Editing An Azure DevOps Build Definition From Within The Build

It’s been a little while since I’ve managed to get a blog post out! Not to worry, though, as I’ve been nice and busy. One of the things I’ve been working on lately is writing a VSTS- I mean Azure DevOps extension.

The extension I’m working on will, among other things, need to update the build definition of the build that it’s currently building. Why? Because I’m incrementing a version number that’s stored in a build variable, which is part of the build definition. Here’s how I’m doing it.

First, you need to make sure that you grant the build permissions to access the OAuth key. This is under the additional options section of the agent job configuration. Then it’s time for some code.

$personalAccessToken = $env:system_accesstoken
$headers = @{"Authorization" = "Bearer $personalAccessToken"}
$headers.Add("Content-Type", "application/json")
$getBuildUri = "$($env:SYSTEM_TEAMFOUNDATIONSERVERURI)$($env:SYSTEM_TEAMPROJECT)/_apis/build/builds/$($env:BUILD_BUILDID)?api-version=4.1"
$getBuildResponse = Invoke-RestMethod -Uri $getBuildUri -Headers $headers

$getVarsUri = "$($env:SYSTEM_TEAMFOUNDATIONSERVERURI)$($env:SYSTEM_TEAMPROJECT)/_apis/build/definitions/$($getBuildResponse.Definition.Id)?api-version=4.1"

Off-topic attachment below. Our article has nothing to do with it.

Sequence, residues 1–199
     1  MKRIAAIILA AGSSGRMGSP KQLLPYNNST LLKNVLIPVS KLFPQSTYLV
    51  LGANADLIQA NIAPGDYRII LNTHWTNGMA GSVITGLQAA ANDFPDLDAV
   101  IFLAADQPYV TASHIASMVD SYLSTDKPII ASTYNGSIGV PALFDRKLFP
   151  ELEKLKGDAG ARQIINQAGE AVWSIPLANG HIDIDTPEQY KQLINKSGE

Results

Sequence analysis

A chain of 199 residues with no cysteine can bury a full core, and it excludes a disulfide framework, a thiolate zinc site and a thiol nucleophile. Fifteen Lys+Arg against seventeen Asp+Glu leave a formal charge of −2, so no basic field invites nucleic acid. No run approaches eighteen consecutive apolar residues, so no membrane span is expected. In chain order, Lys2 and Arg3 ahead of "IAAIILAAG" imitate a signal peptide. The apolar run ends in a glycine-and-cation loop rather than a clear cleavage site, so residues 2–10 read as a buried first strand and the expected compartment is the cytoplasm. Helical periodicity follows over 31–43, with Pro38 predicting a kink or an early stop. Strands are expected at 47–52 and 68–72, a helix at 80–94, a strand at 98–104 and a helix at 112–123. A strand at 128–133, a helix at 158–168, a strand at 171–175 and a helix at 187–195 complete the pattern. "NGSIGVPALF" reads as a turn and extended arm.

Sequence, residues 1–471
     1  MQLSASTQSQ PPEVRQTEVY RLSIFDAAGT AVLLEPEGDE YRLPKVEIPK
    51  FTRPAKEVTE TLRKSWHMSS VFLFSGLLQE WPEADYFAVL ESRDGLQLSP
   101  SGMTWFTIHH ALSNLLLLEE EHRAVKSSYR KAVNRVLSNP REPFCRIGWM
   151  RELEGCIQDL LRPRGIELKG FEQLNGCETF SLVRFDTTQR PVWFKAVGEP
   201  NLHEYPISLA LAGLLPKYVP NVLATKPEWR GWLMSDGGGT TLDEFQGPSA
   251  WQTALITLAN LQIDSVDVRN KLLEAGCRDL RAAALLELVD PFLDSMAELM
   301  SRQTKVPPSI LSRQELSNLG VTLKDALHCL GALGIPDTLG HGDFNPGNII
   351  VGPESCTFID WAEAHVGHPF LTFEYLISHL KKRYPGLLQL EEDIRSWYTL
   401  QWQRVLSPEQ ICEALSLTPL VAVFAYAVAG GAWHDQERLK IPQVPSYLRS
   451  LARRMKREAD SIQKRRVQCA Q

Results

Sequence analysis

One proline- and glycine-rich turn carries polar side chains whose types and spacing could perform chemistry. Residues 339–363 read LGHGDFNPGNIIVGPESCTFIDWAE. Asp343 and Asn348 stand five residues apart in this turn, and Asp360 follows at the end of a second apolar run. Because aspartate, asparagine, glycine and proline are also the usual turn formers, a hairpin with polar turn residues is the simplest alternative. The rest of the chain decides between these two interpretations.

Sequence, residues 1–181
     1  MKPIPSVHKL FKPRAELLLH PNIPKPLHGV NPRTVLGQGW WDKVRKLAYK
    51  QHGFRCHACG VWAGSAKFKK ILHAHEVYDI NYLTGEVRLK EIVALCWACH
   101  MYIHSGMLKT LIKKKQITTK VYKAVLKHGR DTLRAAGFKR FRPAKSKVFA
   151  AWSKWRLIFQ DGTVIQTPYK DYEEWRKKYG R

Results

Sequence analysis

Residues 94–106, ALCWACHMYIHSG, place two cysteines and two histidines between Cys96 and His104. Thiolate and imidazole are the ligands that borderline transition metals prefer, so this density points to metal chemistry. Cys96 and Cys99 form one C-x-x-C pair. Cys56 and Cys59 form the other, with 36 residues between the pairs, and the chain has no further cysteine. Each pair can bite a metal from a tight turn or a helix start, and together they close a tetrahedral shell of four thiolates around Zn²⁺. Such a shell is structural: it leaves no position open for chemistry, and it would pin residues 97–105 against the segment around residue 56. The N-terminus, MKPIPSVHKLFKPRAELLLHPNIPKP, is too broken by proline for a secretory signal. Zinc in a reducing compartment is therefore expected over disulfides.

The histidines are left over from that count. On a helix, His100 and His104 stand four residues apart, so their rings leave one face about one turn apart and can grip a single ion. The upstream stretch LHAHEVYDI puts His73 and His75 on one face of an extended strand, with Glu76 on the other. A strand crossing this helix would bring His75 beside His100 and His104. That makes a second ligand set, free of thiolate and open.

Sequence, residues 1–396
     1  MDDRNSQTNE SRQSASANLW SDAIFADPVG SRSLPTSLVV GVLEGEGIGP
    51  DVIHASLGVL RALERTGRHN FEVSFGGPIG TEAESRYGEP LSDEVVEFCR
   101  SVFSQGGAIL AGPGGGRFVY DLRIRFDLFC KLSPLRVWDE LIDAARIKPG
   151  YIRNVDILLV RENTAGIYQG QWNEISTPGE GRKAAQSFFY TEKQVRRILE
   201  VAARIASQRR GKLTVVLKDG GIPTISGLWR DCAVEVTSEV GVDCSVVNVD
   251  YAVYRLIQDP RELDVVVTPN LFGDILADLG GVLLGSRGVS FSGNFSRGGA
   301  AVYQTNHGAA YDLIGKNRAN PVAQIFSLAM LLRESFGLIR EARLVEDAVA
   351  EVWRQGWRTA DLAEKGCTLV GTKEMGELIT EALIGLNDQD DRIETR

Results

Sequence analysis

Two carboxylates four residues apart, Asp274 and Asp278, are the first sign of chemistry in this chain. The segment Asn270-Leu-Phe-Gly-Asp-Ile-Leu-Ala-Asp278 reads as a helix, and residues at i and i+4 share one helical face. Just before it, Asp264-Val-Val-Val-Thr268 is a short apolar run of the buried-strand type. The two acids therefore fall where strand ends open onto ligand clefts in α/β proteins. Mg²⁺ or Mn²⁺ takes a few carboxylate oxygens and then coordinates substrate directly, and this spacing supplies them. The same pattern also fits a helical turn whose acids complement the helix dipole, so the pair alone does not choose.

$getVarsResponse = Invoke-RestMethod -Uri $getVarsUri -Headers $headers

First, I’m retrieving the access token, and building the authorization and content-type elements of the headers that I’m going to use to interact with the Azure DevOps API. Then, I’m going to get the build definition for the build that’s currently running. After that, I’ll get the definition for that build.

Then, I need to edit the variable that I want to manipulate, and write it back to Azure DevOps.

$getVarsResponse.variables.$Variable.value = $newValue
$putData = $($getVarsResponse | ConvertTo-Json -Compress -Depth 10)
$null = Invoke-RestMethod -Uri $getVarsUri -Method PUT -Body $putData -Headers $headers

In this example, $Variable is the name of the build variable whose value I want to edit. Then I’ll convert the PowerShell object back to JSON, and put it back in Azure DevOps.

Once you do this, it takes a few seconds for what you did in via the API to be reflected in the web portal you access through the browser. Sometimes you have to wait a minute or two to make sure your change actually took place.

A big thanks to Chris “Halbarad” Gardner for helping me negotiate some challenges as I worked on this.


Written on September 19, 2018